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The making of 'Rescue Men'

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Years before George Lucas snagged headlines with his film “Red Tails,” authors/producers David Wright and David Zoby set out to tell the story of another trailblazing group of African American service men.

In the book “Fire on the Beach: Recovering the Lost Story of Richard Etheridge and the Pea Island Lifesavers” (published in 2001) and in the film “Rescue Men: The Story of the Pea Island Life Savers” (released in 2010), Wright and Zoby chronicled the exploits a seemingly forgotten all-black unit of the United States Life-Saving Service (a precursor to the United States Coast Guard) who fought storms and saved lives off North Carolina's Outer Banks.

On Tuesday Feb. 28, both Wright and Zoby will be in town for a screening of “Rescue Men” at the Harvey B. Gantt Center for African American Arts + Culture. In preparation for the trip, Wright spoke with Qcitymetro last week and explained why, although he is a Texas native, he was drawn to the story.

“I didn’t even know where the Outer Banks were. But Zoby and I were first year grad students in Richmond at [Virginia Commonwealth University]. And Zoby had grown up in Newport News and Tidewater, and so he and his family spent a lot of time in the Outer Banks … Zoby knew about … the Life-Saving Service, but to his knowledge it was white like everything else,” said Wright, who currently teaches English at the University of Illinois, Champaign-Urbana. “Zoby came across the picture that’s on the cover of our book. He recognized it as the Life-saving Service, but an all-black station just jumped out to him. So [when] he came to school in the fall … he asked me if I knew anything about it … We just started poking around, thinking we might write something together.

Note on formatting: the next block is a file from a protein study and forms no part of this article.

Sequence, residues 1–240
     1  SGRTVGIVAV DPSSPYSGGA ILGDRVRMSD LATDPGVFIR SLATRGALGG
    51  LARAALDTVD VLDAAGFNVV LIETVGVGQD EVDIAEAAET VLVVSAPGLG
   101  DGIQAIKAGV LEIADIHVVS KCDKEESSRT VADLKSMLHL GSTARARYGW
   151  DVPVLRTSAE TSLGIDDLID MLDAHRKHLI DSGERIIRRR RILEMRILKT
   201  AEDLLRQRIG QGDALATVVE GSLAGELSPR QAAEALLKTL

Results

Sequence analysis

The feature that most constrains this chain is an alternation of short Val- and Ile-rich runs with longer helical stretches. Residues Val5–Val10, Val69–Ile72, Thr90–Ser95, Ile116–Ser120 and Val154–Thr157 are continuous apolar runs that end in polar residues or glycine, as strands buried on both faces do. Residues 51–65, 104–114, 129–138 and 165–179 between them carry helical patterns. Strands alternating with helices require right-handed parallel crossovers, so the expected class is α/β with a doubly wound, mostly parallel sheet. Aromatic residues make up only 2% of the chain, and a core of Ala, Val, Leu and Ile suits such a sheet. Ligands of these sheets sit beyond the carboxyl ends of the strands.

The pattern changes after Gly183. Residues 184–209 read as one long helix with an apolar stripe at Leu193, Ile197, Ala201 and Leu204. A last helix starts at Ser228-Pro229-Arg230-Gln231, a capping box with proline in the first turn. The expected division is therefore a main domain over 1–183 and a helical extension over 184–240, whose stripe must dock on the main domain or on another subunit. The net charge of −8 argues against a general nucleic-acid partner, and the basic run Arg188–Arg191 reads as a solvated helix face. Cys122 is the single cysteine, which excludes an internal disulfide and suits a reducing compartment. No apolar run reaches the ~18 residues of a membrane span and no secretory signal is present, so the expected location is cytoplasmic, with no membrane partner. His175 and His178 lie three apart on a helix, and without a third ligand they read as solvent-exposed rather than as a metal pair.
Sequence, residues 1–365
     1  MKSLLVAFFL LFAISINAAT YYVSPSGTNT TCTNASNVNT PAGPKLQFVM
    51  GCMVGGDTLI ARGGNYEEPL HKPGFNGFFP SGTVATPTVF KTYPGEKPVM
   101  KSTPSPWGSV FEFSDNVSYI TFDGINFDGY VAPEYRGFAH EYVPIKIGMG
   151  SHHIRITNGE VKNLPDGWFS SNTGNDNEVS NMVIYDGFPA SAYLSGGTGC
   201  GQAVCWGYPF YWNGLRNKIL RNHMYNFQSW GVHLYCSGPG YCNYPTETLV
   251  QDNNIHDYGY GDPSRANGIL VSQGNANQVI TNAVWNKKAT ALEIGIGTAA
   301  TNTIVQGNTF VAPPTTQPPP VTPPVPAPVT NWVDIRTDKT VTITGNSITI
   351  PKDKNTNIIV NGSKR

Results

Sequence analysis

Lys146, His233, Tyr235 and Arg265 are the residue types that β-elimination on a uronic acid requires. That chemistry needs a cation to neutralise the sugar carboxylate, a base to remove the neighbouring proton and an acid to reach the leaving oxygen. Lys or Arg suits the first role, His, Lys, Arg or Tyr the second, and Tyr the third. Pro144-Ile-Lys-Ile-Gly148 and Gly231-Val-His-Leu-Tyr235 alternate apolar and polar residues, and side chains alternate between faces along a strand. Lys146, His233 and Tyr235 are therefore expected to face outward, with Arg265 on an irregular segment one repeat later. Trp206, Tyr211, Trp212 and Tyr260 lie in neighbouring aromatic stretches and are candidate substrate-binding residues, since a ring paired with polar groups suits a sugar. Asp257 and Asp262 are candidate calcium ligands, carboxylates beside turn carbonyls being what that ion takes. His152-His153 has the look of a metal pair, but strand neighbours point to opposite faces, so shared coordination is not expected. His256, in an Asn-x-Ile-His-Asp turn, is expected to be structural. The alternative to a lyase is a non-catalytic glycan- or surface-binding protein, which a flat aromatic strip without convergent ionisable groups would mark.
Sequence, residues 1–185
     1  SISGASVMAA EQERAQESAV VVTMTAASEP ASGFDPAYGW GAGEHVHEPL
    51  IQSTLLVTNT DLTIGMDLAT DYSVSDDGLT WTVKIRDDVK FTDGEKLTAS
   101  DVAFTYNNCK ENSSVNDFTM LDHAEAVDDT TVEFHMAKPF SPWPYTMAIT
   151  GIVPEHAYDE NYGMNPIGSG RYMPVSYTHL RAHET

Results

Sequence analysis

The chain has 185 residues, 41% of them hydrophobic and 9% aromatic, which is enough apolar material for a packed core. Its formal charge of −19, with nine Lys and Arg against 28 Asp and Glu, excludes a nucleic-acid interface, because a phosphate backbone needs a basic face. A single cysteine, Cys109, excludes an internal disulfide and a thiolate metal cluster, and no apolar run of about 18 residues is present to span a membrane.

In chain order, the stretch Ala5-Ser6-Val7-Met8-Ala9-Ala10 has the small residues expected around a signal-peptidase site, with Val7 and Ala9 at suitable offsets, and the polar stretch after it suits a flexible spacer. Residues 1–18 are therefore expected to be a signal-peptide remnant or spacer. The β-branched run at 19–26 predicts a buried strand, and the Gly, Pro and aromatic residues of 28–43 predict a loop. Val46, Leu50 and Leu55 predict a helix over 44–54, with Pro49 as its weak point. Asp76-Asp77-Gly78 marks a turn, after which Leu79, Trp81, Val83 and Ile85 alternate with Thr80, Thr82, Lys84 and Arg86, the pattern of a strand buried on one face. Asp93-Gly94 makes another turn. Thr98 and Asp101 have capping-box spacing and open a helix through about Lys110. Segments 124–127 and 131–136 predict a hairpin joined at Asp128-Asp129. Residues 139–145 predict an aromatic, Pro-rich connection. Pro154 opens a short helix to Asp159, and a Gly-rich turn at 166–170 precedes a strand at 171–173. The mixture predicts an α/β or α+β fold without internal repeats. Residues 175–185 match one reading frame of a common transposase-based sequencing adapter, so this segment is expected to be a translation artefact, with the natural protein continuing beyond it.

“We started out thinking it would be a school assignment,” he added. “It just turned out that it was this great story on one hand, but also a story that had really not been told.”

According to Wright, early on in the long process of researching the history of the all-black unit, he and Zoby discovered that they wouldn’t be able to count on gleaning any pertinent data from established institutions — such as the Coast Guard.

 Author, producer David Wright

“When we first started working on this, the first thing we did … was contact the Coast Guard, thinking they would give us a lot of information. It turned out that, after just really superficial research, we knew more than the Coast Guard did,” he said. “They just kind of ignored that history.”

Not long after the publication of “Fire on the Beach,” the film industry showed interest in producing a film version. But when it came to actually turning an idea into reality, studios weren’t exactly quick on the draw.

“People were constantly in contact with us like, ‘This is a great story. It should be a movie.’ So, we optioned the rights to the movie several times, but the movie never got made,” said Wright. “And then in 2008, Allan Smith — who is the executive producer of this documentary — contacted us and was like, ‘I’d like to do this.’ Zoby and I were like: ‘Great, you’re about the umpteenth person.’ But he was just more serious.”

Don’t miss your chance to meet Wright and Zoby in person, see the fruits on their labor and learn about another untold gem of African American history this Tuesday at the Harvey Gantt Center (551 S. Tryon St.) from 6 p.m.-8 p.m. This event is free for Gantt Center members and $5 for non-members. RSVP is required. Visit www.ganttcenter.org for more information.



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December 17, 2014
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